Friday, January 15, 2010

Philip Levine and me

So we were watching a public tv news program the other night, and on came a poetry segment, Jeffrey Brown talking with Philip Levine, a poet I'd only very vaguely heard of and knew nothing about.

Now I realize that to some of our blogistas, this is about the same as my rushing in here and saying, listen, I discovered this terrific sonnet writer, and I think he's written plays, too, what's his name again, yes, William Shakestaff, no, I think I mean Wagspear. No, silly me, it's William Wagstaff, and he's really good...

Anyway in my own defense to those who have read and loved Levine for years, I have not always been au fait with modern poets, partly because I've been put off by poet nazi friends, the kind who insist in loud voices that you HAVE to LOVE poetry, and I admit I was even put off Mary Oliver by one of these pns who, when I casually mentioned that I wasn't much into reading poetry, ran and got a copy of a Mary Oliver and literally shoved it in my face. Had to duck to avoid being hit by it.

Which definitely cooled my ardor for the friend and the poet...then years later when I discovered Oliver for myself, I loved her, but had to come to her in my own time not because someone bullied me into it.

Likewise the poetry festivals which are surrounded by a lot of hoohah and posturing and stuff that has as much to do with poetry as sanding floors, but I digress....

Anyway, after we had listened to Levine talking naturally, winningly, and coming across as a wise and nice person, about his earlier life on the auto production line, later as a college professor, I got a couple of his books out, one for HP and one for me, from the library, just to get a taste.

And you know how once in a long while a writer will say something that you think, ohmygarsh this person said what's in my own mind, just did it for me. It's a magical connection, and rare and lovely. I had thought what I would do was read a poem, then knit a bit (currently knitting an afghan in squares, lambswool harvested in shades of pink, tan and white, important info) while thinking about the poem, so that the knitting would provide a backdrop to enable the thinking.

Then I realized after I had knitted about ten stitches, that Levine is one of those writers who sends you off in a mad rush of excitement to write about them, and in the process get all kinds of apparently unrelated art and writing ideas of your own going. It's that supercharged creative energy that comes flying at you from some art, some music, some writing. And it's right here in Levine. What a huge bonus. Can't tell you more yet, since telling tends to take the place of doing, but sooner or later, you'll see.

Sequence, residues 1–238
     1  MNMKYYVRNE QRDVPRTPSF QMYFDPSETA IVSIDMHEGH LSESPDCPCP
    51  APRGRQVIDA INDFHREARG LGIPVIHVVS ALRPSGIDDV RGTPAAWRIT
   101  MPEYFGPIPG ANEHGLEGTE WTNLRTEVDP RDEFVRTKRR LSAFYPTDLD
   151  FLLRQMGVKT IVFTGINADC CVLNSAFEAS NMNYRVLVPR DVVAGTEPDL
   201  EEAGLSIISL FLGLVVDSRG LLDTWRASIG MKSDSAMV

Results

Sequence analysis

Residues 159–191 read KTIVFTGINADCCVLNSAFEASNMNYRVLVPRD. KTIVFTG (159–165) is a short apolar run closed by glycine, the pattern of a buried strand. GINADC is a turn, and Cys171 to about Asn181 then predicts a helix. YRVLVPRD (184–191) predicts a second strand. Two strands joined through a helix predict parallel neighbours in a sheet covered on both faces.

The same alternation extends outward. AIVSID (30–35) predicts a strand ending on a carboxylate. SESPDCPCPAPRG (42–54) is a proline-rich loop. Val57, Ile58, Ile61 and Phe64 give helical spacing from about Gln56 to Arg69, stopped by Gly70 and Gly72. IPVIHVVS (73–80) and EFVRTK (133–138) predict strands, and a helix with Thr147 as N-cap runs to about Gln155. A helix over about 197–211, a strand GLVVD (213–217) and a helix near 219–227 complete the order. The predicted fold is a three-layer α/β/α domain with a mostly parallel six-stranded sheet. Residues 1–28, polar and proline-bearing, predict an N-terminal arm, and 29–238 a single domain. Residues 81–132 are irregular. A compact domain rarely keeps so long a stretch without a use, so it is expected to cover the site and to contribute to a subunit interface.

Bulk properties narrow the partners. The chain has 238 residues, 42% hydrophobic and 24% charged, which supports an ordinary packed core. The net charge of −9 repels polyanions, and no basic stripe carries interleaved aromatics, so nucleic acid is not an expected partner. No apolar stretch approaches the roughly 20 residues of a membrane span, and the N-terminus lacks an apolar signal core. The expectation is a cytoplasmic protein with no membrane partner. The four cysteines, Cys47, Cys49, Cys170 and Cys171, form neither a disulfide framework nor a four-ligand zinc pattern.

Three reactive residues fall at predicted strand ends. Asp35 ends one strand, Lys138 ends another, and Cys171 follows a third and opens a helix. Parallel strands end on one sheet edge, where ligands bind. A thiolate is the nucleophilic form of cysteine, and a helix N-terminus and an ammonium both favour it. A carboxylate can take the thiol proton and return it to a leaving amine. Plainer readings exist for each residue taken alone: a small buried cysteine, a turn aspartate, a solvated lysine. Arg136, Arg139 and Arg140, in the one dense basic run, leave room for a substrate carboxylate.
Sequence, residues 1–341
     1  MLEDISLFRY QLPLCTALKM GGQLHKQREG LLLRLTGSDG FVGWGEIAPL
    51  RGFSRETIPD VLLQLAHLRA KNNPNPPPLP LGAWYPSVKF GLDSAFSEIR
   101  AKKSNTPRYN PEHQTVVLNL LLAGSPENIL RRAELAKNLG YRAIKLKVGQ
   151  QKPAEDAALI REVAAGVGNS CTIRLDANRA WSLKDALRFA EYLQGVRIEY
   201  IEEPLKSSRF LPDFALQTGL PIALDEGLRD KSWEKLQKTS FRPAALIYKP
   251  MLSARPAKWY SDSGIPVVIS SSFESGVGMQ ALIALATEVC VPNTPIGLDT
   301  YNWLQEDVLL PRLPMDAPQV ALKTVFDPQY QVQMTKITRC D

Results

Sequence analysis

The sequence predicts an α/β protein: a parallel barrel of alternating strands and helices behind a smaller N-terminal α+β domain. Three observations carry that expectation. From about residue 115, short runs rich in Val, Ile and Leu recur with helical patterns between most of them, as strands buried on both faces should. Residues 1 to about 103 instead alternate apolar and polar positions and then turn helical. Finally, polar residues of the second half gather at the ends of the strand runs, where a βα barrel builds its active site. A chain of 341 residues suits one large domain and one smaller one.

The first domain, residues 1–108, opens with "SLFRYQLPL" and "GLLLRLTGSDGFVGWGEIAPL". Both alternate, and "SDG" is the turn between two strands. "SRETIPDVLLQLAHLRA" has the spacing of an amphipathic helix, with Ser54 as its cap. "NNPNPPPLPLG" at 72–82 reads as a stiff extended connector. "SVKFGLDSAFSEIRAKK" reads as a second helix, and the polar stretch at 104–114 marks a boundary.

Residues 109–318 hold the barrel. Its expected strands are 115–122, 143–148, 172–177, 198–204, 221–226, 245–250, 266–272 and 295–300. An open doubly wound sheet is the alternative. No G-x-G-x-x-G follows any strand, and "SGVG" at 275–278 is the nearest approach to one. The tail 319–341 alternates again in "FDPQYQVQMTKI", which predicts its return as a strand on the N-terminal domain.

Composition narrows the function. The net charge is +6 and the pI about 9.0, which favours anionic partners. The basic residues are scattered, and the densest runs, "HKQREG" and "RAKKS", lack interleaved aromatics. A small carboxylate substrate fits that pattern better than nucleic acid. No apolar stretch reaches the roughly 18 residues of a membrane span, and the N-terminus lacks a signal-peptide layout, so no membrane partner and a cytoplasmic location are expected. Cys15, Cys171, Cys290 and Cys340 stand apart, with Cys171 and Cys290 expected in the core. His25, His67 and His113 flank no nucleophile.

The collection I'm reading is News of the World, the poem that sent me off in a creative barndance is Our Valley. Literally it's about the Fresno area, a place I've never been only know they produce raisins or something there, but metaphorically it's about a place we all inhabit even if we haven't realized it yet. You can see it and smell it and live it by reading this little page.

Funny to think that I was sad and at loose ends after I mailed off the journal to Diane, on the first leg of her journey the other day, because my part in it was done for the moment, and I had that post-childbirth feeling of accomplishment and relief and pleasure and loss all at once. Once your art leaves you, even a small work like the journal, it's like when your child leaves your body -- he is his own person now. It's lonely and it's right, all at once.

So I was definitely ready for a new adventure, I think, and Philip Levine may very well have flung open a new door for me. I think he'd laugh quietly if he knew. Well, that's okay, I laugh at myself all the time.

Now I'm going to read Unholy Saturday and knit a bit....


  1. Well, what can I say? I don't read a lot of poetry myself but Mr. Levine certainly seems to have got your creative juices going. Can't be a bad thing.



  2. I wish poetry spoke to me more like this... like I wish art was something that really caught my eye. This post made me happy for you and sad for myself at the same time. :)

  3. Poetry nazis should be banned to the general nazi island. I love Mary Oliver too - and your blog! I found you through a rav forum, and subscribed.

  4. It is indeed a wonderful discovery. I'm a poem reader from way back, but few modern poets turn my crank. So few of them write poetry.


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